AUA also accepts federal direct student loans, so you can feasibly cover most of your tuition with scholarships and take the rest out under the lower interest rates of the federal student loan program. 

Is AUA Good? 

AUA is good for students who wish to attend medical school in the Caribbean. It’s one of the best choices for students planning to study medicine abroad, and it’s also an excellent choice for people looking for a school with less stringent acceptance requirements. 

AUA will be an ideal choice for some people, while it might be a poor option for others. 

Of those who are interested, people with solid self-study habits who want to study abroad with options to practice in many countries and who are willing to work hard will see the most success at this school. 

However, this school may not be ideal for people who want more guidance from their instructors or who value small classes and a more student-centric approach.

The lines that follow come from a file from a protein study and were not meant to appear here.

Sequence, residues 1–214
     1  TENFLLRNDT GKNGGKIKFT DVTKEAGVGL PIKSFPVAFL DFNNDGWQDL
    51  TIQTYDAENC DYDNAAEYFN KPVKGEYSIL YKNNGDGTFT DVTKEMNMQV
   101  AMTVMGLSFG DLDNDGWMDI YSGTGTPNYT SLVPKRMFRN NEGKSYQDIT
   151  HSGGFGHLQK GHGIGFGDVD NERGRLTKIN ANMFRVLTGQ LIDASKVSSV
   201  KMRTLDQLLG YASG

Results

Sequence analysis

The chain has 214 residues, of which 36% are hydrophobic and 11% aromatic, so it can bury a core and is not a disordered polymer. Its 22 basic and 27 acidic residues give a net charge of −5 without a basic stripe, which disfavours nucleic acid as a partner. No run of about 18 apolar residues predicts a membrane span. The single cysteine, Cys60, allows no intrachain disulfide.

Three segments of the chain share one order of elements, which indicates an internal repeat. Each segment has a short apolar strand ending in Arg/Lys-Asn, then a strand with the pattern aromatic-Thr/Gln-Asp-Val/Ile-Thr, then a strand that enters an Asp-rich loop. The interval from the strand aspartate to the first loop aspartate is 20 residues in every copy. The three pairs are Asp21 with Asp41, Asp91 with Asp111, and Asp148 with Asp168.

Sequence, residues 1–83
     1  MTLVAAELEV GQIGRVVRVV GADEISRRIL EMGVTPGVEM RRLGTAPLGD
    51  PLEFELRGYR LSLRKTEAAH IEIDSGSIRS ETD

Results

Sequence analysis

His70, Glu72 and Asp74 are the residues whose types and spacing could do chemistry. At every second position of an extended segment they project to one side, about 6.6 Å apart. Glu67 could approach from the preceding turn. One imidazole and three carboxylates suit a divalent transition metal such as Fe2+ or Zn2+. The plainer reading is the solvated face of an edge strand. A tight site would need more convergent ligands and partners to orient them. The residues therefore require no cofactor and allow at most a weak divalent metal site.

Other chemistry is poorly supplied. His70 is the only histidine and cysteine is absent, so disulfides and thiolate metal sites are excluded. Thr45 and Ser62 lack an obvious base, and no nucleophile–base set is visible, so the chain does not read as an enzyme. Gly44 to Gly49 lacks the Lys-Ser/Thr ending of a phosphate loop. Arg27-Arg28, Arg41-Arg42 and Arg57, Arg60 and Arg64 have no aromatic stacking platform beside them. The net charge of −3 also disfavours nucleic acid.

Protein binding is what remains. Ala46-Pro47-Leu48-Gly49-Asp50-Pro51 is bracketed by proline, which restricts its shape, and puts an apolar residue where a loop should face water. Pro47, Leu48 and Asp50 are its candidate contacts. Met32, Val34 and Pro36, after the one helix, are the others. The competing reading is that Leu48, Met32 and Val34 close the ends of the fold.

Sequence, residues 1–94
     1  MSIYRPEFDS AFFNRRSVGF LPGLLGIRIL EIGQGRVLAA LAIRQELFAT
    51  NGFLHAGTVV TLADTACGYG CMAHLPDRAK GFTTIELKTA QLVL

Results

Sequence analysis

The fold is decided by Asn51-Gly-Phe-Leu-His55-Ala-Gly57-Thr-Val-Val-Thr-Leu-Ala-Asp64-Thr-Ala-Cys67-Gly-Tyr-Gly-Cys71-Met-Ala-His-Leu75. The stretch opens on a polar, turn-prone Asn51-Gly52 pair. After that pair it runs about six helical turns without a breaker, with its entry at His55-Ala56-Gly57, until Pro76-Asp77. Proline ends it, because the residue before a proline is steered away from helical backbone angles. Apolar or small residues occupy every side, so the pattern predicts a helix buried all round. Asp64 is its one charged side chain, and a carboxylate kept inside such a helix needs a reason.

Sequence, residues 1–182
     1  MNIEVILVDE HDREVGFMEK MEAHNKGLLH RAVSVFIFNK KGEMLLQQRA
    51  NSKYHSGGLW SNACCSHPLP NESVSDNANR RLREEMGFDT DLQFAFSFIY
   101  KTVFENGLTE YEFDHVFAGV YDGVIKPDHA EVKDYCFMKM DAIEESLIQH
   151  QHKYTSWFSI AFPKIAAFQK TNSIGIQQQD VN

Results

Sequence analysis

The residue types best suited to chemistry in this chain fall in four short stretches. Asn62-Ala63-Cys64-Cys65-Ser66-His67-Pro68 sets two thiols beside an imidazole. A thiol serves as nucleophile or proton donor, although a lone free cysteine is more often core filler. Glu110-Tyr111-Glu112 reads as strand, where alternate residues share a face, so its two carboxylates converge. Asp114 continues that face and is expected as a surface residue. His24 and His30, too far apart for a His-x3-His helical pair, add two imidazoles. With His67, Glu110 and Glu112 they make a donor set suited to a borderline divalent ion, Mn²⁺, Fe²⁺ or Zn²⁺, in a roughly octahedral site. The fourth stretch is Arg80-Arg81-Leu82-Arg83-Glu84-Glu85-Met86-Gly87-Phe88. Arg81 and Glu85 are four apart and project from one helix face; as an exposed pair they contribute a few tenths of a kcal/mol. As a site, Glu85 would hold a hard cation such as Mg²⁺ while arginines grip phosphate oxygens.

To help you determine if this school might be for you, let’s look at the pros and cons of attending AUA: 

The Pros

  • Frequent and mandatory small group sessions of 20 students encourage students to study and work together. 
  • AUA prepares students for exams well and gives students lists of objectives and many preparatory exams to use as study tools. 
  • The curriculum is unique and starts from a general to a specific approach, moving from system-based learning to pathology and pharmacology as you advance.
  • AUA offers a study abroad feel while also preparing you for practice.
  • Semesters are five months long, giving you more instruction per semester than most medical schools provide.  
  • The campus is safe and beautiful. 
  • The on-campus housing is new and next to most buildings you’ll need access to as a first-year student. 
  • Being in Antigua encourages you to make new friends, focus on academics, and study with fellow students. 

The Cons

  • Class sizes can be large, with lectures of over 300 students. 
  • Housing can be costly on the island. 
  • First-semester students must live on campus. 
  • The curriculum is challenging for students who do not have good independent study practices. 
  • The curriculum builds upon itself, so if you do not pass one of your NBME exams, you should repeat the semester to ensure your success in the following years.